The adrenal glands are also closely connected with other endocrine glands, such as the Hypothalamus-Pituitary-Adrenal Axis (HPA). There is also communication between the adrenal glands, the thymus and the serotonin system. When you feel that you have no control over life, it can be connected to the HPA Axis where the adrenal glands are an important part of the function. On the other hand, when one feels grief and apathy, it can be linked to the adrenal glands and thymus. Your adrenal glands are important for being able to cope with virtually any change in life and if they do not function properly, it will be difficult to deal with changes and this can also lead to feelings of sorrow and depression due to the adrenal function. 

What to do? 

A good way to strengthen adrenal function is by having proper nutrition, rather than supplementing it with external hormones that can result in unpredictable negative behaviours since the receptors of the hormones may also be fatigued as well. In addition, an adrenal hormone from animals can create autoimmune reactions in a person who already has an ongoing inflammatory process due to impaired adrenal function, which is not good.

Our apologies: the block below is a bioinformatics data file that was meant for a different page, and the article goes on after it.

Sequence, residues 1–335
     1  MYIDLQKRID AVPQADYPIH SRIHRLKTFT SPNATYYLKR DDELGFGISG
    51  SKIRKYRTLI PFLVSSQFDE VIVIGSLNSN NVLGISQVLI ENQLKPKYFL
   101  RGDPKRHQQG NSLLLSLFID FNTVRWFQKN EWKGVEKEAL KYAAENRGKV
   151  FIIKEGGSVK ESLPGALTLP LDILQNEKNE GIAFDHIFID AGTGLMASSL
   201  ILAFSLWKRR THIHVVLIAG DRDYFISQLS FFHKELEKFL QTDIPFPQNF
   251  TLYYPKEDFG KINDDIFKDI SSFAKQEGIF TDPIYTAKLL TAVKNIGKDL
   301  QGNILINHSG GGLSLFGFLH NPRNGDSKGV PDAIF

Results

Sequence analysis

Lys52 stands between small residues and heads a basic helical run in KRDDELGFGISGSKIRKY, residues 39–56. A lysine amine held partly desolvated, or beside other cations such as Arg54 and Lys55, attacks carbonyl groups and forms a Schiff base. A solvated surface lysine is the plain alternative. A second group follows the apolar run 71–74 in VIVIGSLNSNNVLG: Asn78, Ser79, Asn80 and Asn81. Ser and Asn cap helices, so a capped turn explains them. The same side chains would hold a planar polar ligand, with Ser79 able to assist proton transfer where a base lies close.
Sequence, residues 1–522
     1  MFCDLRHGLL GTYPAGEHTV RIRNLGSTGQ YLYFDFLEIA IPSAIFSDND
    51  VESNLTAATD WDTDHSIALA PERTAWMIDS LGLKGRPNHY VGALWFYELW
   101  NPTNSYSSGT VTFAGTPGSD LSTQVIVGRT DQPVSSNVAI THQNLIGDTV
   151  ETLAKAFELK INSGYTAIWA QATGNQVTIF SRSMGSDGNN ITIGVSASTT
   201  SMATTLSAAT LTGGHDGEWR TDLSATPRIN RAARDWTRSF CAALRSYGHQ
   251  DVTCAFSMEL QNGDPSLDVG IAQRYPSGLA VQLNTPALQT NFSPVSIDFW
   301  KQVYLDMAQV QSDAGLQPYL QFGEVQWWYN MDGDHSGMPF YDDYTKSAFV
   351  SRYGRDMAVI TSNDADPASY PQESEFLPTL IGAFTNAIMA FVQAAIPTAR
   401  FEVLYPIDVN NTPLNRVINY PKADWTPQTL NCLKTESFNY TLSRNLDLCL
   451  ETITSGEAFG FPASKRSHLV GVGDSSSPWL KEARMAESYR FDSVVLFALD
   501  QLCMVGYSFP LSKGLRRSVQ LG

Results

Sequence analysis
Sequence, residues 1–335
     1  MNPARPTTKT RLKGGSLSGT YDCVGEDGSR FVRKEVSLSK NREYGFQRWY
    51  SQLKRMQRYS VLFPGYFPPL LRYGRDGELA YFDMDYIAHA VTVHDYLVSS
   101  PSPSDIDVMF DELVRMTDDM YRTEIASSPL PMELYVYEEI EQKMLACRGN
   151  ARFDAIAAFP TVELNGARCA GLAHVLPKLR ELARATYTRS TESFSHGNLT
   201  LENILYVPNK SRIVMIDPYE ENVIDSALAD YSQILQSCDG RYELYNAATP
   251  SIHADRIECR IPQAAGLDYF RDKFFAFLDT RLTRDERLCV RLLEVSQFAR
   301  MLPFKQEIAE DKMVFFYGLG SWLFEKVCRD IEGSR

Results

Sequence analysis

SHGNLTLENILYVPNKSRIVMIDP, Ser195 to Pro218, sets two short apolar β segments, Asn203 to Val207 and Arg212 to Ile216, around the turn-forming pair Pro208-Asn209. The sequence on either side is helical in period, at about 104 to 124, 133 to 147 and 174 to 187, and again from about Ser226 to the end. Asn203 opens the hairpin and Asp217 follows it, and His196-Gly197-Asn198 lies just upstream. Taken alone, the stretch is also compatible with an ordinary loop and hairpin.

Protein is important for the function of the adrenal glands and the best sources of it are meat, fish, poultry, eggs or seafood. Adrenal glands also need salt to function normally and total salt restriction is not good. If you have several symptoms of both adrenal and thyroid problems, you need to treat them at the same time. If this is the case, it is good to use supplements that strengthen both the adrenal glands and the thyroid gland. In addition, it is good to exercise on a level that you can handle at the moment and then increase it over time. The important thing is that you regularly exercise, several times a week and don't push yourself too hard at the beginning. Exercise reduces stress and strengthens the body in general and the adrenal glands in particular. There are several good supplements for both the adrenal glands and the thyroid gland. Adrenal Response is excellent for adrenal function, but also for thyroid function. CoQ10 is very good for the thymus as its entire surface has receptors for CoQ10. A good multivitamin and mineral preparation is a cheap way to ensure that you get all the nutrients you need, not only for the adrenal glands to get the nutrition they need, but for the whole body to function properly.